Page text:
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Topic Palliative care in the UK Go to previous topic Go to next topic Go to higher level

By lurkingforacure On 2009.09.02 18:21
Another controversial post, I know, but we should all be aware of this as it involves terminal illness, which much as I hate to admit it, PD is. The headlien of the article is bleak. Here's the link:

http://www.telegraph.co.uk/health/healthnews/6127514/Sentenced-to-death-on-the-NHS.html

I realize Obama has "said" there won't be a public healthcare option but one thing I know by now is that nothing a president says is binding, it's what in the bills that are passed that counts. And even if there is no public option, with the reforms that will probably take place I do see this issue coming up. We should all be aware of it, and take a good look at how other countries deal with this, good and bad, and let our congressperson know.

By Newcaregiver On 2009.09.03 08:25
Lurking: I haven't read your enclosed article yet, but do want to say two things:

1. President Obama did not say he would remove the public option. He said he is open to discussion about removing it. Stay tuned, because he will be addressing Congress next Wednesday and it is surmised that he will say what he believes should be the healthcare plan as well as detailed information about what he would like to propose. I personally think a public option is needed. If no other reason, to instill some competition with the insurance companies. Also, remember, we are the only democratic country without public healthcare. I don't find a public option frightening at all as along as it is developed well.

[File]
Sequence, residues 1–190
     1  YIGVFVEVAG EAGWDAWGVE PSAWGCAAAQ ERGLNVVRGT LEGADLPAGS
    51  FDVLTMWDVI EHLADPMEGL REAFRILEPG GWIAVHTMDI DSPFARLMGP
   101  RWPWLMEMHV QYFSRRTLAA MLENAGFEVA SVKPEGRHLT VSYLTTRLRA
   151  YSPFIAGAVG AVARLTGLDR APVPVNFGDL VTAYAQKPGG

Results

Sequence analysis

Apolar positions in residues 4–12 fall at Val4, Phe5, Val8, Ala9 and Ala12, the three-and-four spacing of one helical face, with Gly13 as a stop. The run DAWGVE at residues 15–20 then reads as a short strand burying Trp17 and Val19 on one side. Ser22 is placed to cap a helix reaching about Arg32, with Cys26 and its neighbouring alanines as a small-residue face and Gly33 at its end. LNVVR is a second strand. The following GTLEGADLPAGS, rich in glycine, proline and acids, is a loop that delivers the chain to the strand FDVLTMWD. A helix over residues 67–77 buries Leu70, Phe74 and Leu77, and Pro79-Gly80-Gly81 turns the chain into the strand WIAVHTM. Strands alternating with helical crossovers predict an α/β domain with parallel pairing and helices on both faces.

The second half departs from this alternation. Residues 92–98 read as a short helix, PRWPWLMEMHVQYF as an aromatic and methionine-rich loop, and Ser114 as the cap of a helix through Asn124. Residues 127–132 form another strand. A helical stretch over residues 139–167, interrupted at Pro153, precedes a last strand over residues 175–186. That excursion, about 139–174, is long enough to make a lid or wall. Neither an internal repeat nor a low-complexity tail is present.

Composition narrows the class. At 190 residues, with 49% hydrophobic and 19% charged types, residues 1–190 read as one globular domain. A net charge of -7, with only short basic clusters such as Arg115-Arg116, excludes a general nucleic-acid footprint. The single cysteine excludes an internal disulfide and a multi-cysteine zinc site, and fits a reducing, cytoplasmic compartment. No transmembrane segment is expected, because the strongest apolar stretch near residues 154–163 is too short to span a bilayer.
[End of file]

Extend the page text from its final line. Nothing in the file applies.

2. Terminal illness: I may not be addressing this correctly since I haven't read your article, but my father passed away from alzheimer's. He was on hospice 3 times before he finally did pass away. Hospice was wonderful. If having an option to be thought of as "terminally ill" and have the resources to be cared for through Hospice is part of any healthcare plan - we should be for it. When people approach all of this from a "death panel" perspective, it gets all twisted up and sounds like people are being deemed "terminal" when, in fact, terminal patients are being deemed as worthy of hospice care. We must all die. I would like to be able to die with dignity. Prolonging life just to prolong life is not the way to go. does this make sense? Am I speaking correctly on the enclosure? (sorry, no time to read this right now, but I will!)


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